Book Review: The Breast Book, by Emma Pickett
Emma Pickett is just the person to write a book for confused or anxious or curious teenage girls. She has an abundant and fascinating knowledge of the subject, and a humorous, patient tone with which to impart it. What makes this book particularly special is the deep feminism that comes through on every page: your body is normal, your body is good, your body is your own for you to make decisions about.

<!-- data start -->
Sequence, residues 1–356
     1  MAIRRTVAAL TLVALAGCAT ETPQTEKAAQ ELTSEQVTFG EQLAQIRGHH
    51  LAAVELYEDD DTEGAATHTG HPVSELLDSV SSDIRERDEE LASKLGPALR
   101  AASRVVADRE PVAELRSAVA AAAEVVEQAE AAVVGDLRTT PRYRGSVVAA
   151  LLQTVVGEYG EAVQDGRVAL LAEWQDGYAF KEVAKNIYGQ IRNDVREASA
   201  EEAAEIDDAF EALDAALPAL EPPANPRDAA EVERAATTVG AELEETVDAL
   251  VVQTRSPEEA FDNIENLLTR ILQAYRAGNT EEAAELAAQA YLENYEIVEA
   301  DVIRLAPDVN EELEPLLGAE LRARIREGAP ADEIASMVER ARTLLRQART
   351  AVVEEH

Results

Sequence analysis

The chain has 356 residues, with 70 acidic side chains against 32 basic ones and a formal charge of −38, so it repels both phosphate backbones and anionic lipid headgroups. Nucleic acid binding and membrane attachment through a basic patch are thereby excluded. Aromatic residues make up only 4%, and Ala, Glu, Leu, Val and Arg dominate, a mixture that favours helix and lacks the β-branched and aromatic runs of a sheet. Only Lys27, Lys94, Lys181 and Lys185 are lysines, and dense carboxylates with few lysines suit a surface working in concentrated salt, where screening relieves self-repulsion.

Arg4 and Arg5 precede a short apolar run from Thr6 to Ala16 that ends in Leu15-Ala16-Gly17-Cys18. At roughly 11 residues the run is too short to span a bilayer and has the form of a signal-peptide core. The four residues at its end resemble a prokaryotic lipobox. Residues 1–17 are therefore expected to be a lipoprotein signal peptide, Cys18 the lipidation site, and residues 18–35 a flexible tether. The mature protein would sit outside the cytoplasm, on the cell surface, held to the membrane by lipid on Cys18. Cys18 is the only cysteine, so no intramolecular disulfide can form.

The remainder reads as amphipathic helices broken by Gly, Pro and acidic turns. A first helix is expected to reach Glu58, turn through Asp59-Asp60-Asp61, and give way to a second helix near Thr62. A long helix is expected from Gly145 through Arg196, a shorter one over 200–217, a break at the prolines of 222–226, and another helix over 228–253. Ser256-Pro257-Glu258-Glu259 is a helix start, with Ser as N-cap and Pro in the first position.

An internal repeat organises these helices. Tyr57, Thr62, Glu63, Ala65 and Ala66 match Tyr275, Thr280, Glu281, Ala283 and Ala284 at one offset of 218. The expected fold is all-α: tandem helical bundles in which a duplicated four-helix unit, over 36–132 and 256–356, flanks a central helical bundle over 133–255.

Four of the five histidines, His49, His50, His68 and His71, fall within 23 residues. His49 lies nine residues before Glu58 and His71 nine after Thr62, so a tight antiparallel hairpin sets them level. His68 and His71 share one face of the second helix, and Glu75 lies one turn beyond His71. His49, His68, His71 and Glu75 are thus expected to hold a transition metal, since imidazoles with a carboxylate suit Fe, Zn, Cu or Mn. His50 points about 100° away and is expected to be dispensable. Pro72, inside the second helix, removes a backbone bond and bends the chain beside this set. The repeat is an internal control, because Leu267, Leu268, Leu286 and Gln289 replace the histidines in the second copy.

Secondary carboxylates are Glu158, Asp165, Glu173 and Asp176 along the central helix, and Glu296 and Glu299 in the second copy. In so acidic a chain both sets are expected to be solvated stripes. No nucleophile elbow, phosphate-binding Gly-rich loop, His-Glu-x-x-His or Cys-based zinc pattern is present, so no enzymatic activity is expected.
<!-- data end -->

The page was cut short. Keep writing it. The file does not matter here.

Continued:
The Breast Book covers how breasts grow, what they are for, and why society gives us such confusing messages about them. Illustrated with cartoons, photos, and anecdotes from women of all ages and one transman, it’s very accessible even for the younger reader. And while the younger reader may not take in all of this detail to start with, just owning this book means they have a reliable resource for when they are ready. It even includes sample notes to highlight in order to start a conversation with parents, should it feel too difficult to do this out loud. And parents, note: this book is not a substitute for talking to your daughter, but is an excellent companion.